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Oddsfish! by Robert Hugh Benson

Whitbread began to speak of more intimate things


* * * * *

As we went up Whitehall, Mr. Whitbread began to speak of more intimate things.

"You are a stranger in England, Mr. Mallock, I think."

I told him I had not been in the country for seven years.

"You will find a great many changes," he said; "and I think we are on the eve of some more. Certainly His Majesty has wonderfully established his position; and yet, if you understand me, there is a great and growing disaffection. It is the Catholic Faith that they fear; and I cannot help thinking that some victims may be required again presently, though I do not know what they can allege against us. There is a deal of feeling, too, against the Queen; she has borne no children--that is true; but the main part of it arises from her religion: and so with the Duke of York also. Certainly we are in the fashion in one way: but those who are on the top of the wave must always look to come down suddenly."

Here again, Father Whitbread did not tell me anything that I did not know; yet he put matters together as I had not heard them put before; and he seemed to me altogether a shrewd kind of man whose judgment I might very well rely upon; and as we went up the Strand he spoke again of the Queen.

"His Majesty hath been urged again and again to divorce her;

but he will not. He said to the Duke himself in my hearing one day that an innocent woman should never suffer through him--which is good hearing. But Her Majesty is not very happy, I am afraid."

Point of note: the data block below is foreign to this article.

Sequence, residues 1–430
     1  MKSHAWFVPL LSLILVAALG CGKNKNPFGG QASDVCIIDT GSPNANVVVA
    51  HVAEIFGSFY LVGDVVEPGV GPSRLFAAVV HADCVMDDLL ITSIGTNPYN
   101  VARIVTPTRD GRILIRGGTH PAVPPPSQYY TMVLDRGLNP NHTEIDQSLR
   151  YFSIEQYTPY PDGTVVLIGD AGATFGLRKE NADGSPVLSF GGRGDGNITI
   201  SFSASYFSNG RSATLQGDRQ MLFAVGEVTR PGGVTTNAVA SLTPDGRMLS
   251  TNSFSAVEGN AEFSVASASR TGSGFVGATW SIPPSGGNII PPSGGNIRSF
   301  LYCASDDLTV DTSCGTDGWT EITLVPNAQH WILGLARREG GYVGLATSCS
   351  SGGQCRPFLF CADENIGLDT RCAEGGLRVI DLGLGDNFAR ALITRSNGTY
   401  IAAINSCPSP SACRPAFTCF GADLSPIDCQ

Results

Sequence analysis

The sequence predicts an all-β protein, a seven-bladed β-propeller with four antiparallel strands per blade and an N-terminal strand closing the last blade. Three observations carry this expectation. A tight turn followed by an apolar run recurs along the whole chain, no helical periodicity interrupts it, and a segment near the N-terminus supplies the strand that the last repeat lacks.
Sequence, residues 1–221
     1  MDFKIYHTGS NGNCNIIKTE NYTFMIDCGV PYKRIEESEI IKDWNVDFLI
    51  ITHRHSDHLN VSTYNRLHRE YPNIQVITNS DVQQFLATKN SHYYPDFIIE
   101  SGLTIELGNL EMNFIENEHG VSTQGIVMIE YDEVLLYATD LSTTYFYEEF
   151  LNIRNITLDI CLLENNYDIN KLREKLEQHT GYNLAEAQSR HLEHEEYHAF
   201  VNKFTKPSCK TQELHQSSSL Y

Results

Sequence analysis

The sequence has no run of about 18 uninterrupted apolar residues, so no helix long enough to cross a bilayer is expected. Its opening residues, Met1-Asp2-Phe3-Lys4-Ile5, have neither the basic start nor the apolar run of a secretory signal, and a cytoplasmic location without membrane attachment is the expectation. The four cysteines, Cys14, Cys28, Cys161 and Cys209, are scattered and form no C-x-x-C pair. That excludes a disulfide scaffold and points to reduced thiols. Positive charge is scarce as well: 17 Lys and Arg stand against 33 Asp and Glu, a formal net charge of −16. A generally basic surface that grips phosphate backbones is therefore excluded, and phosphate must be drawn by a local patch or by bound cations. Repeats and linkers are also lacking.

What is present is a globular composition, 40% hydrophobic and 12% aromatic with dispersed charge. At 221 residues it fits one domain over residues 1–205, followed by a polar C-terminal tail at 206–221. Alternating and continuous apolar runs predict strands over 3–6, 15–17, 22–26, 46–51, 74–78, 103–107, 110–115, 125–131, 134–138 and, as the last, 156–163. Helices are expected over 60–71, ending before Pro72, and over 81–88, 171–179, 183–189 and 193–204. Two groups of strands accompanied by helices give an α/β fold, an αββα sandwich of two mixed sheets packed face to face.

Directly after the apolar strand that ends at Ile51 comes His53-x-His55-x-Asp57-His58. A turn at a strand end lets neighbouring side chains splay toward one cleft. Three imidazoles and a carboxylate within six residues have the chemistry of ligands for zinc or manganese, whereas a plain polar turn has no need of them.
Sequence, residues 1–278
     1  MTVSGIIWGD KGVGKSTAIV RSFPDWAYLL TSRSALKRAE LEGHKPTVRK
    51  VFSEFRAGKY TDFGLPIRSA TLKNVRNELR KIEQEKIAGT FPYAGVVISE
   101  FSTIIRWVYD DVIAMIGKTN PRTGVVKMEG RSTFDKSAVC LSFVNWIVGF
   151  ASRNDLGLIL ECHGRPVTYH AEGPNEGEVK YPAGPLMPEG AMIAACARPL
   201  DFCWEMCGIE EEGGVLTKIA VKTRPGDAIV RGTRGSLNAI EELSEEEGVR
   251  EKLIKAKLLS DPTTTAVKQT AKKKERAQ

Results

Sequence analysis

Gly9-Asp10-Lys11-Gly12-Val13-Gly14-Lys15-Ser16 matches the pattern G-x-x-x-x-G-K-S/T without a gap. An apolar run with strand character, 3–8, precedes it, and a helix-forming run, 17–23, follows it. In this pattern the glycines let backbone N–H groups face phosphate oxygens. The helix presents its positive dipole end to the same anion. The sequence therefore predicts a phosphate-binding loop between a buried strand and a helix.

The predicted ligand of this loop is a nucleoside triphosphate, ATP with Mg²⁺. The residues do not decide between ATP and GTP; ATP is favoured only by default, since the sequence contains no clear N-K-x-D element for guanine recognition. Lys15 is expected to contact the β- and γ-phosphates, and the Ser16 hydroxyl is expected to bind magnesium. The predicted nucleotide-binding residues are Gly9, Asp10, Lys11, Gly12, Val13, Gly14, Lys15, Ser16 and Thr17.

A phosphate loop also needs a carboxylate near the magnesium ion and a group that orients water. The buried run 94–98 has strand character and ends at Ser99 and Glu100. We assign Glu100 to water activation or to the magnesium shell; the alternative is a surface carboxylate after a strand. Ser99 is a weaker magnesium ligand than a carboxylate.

When we came to the Maypole, which I had already seen, in the midst of the Strand, he spoke to me of how it had been carried there and set up with great rejoicing, after the Restoration. It was a great structure, hung about by a crown and a vane; and he said that it stood as a kind of symbol against Puritanism.

"There are many," he told me, "who would pull it down to-morrow if they could, as if it were some kind of idol."

He saw me as far as the door of my lodgings; but he would not come in. He said that he had no great desire to be known more widely than be was at present known.

"But if you have time to come in to-morrow morning about ten o'clock to Mr. Fenwick's lodgings in Drury Lane--over the baker's shop--I shall be there, and Mr. Ireland also--all Fathers of our Society; and I will very gladly make you known to them. My own lodgings are in Weld Street--at the Ambassador's."

I thanked him for his kindness, and said I would be there; and so I bade him good-night.

* * * * *

Although I had learned very few things that day which I had not known already, I felt that evening as I sat at supper, and afterwards, in the coffee house at 17, Fleet Street (which he recommended to me) that I knew them in a different manner. For I had spoken with some of the principal actors, and, above all, with the King himself. My cousin questioned me delightedly upon my experiences when we were alone with our pipes at one end of the great room that had been a council-chamber; and related to me all his own experiences with the King at great length; and how Charles had made to him some witty remarks which I think must have lost in the telling, for they were not witty at all when I heard them. It appeared that my cousin had spoken with the King three or four times, at City-banquets and such like; and he would know all that His Majesty had said to me. But much I would not tell him, and some I could not: I could not that is, even if I would, have conveyed to him the strange compassion that I felt, and the yet more strange affection, for this King who might have done so much, and who did so little--except what he should not; and I would not on any account tell him of what the King had said as to Rome and his desires and procrastinations. But I told him how I had met Father Whitbread, and how I was to go and see him on the morrow.


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